Scotland's fragile economy is continuing to recover, according to a new report.
But the survey, by the Scottish Chambers of Commerce, found weak consumer confidence and said rising costs could undermine the recovery.
Covering the second quarter of 2011, the survey found several sectors of the economy performed well.
Manufacturing and tourism came top and the construction sector also reported a much improved position.
But the poll, of about 200 firms in five sectors, found declining optimism widely reported in wholesale and retail distribution.
Within manufacturing, export-led demand continued to improve, as did confidence. But concerns as to rising raw material and transport costs remained and pressures to raise prices in manufacturing were found to be widespread.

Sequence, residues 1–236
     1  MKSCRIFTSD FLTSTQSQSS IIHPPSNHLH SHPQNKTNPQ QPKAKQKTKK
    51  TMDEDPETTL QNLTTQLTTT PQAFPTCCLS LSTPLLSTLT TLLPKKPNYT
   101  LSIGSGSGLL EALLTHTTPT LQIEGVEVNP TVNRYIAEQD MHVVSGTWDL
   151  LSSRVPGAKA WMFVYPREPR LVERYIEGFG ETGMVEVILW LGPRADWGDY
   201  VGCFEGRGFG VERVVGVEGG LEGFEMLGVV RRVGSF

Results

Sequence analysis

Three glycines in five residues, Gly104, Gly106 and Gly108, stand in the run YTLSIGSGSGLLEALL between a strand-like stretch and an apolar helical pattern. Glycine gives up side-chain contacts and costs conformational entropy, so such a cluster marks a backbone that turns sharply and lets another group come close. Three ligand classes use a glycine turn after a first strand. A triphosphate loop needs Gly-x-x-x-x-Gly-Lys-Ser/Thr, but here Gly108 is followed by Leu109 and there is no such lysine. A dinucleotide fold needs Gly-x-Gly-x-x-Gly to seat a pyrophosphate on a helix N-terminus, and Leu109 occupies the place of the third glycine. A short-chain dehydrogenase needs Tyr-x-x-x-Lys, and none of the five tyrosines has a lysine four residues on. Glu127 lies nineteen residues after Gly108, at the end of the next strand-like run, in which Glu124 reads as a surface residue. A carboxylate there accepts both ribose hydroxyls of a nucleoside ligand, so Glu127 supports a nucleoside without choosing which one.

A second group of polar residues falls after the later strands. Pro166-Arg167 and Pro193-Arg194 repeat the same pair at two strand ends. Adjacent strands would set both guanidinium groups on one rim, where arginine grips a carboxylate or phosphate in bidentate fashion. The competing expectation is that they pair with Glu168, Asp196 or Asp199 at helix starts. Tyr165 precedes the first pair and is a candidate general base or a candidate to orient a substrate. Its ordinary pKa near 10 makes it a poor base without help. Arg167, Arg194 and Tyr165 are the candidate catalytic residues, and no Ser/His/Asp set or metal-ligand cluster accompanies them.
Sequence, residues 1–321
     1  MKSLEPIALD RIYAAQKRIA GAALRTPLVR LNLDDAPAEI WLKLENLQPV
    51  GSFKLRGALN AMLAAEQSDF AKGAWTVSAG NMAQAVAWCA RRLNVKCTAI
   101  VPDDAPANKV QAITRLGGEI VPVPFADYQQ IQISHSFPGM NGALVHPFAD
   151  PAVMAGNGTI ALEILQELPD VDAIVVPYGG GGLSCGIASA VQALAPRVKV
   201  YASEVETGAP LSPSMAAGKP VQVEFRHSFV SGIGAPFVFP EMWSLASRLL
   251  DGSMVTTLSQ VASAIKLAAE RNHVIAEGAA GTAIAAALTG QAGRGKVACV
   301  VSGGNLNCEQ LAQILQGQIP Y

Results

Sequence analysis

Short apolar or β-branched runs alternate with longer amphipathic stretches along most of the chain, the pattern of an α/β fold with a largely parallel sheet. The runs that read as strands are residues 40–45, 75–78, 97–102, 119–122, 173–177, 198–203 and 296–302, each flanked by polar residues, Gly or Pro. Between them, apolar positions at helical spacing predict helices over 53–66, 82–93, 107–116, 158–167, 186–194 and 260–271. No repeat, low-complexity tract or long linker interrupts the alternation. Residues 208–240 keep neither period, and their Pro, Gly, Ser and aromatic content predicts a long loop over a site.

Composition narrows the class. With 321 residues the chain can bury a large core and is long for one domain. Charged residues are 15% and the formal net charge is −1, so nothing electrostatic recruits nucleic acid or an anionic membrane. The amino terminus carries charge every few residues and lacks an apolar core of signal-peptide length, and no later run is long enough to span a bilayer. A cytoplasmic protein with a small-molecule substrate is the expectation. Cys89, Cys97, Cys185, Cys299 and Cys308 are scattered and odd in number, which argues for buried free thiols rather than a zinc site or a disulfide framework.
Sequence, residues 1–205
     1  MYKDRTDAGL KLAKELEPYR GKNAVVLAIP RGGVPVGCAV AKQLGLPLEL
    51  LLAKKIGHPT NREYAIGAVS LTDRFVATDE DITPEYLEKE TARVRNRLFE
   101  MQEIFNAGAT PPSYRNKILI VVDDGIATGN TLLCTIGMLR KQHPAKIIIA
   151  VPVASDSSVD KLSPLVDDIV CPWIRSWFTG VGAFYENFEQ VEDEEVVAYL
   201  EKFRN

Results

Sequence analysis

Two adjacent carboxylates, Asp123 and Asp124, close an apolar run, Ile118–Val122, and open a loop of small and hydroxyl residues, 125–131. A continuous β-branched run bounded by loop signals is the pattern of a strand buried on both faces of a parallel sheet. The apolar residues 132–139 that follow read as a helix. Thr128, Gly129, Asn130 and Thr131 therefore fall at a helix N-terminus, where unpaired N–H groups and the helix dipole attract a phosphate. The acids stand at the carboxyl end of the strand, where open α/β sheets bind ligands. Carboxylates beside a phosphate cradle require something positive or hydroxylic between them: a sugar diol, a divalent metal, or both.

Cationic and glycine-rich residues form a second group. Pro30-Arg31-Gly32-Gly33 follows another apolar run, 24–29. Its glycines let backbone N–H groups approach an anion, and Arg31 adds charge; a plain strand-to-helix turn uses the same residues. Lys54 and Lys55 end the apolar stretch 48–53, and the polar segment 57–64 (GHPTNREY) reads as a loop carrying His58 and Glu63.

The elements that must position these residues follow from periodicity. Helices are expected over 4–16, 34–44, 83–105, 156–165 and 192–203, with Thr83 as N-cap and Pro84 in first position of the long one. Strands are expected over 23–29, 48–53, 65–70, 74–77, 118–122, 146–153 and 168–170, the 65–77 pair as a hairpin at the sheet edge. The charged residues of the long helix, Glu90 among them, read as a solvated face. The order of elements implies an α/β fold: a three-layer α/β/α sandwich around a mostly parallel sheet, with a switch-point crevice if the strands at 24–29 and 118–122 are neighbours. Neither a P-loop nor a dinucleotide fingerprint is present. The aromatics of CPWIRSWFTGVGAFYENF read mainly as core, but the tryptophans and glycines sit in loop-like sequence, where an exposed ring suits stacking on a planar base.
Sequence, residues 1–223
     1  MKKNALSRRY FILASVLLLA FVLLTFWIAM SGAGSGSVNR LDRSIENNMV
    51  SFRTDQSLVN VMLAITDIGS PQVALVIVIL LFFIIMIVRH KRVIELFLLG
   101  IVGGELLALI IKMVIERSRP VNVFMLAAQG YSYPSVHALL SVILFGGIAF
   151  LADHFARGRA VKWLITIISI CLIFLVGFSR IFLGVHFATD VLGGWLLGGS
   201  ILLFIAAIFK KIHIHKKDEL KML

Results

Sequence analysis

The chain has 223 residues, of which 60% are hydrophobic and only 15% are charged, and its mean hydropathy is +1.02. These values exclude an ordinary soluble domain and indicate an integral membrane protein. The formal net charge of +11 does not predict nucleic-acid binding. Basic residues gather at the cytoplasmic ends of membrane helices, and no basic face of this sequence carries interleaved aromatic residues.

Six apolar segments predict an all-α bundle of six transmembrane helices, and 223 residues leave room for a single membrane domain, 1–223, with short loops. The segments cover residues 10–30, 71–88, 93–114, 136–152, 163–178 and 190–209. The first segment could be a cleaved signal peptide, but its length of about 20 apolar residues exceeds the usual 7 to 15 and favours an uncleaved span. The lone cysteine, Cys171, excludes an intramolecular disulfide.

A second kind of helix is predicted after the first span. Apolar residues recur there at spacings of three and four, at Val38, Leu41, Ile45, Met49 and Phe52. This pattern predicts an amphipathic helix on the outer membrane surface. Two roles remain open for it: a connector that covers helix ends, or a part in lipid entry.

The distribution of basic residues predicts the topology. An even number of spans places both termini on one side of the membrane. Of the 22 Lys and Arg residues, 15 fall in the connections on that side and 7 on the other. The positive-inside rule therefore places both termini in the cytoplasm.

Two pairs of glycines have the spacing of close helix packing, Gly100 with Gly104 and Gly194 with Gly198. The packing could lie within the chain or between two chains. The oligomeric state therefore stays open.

Trends in both construction and tourism were better than expected and better than the past three years.
Garry Clark, head of policy and public affairs at the Scottish Chambers of Commerce, said: "Many of Scotland's businesses are performing as well as they can against a challenging background of rising energy costs, inflationary pressures, weak consumer demand and a decline in living standards.
With the impact of government spending cuts and reductions in capital expenditure still to be felt, it remains a difficult environment for business, but our hope is that the encouraging start to the year can be maintained."
The Scottish survey was conducted in conjunction with the University of Strathclyde's Fraser of Allander Institute.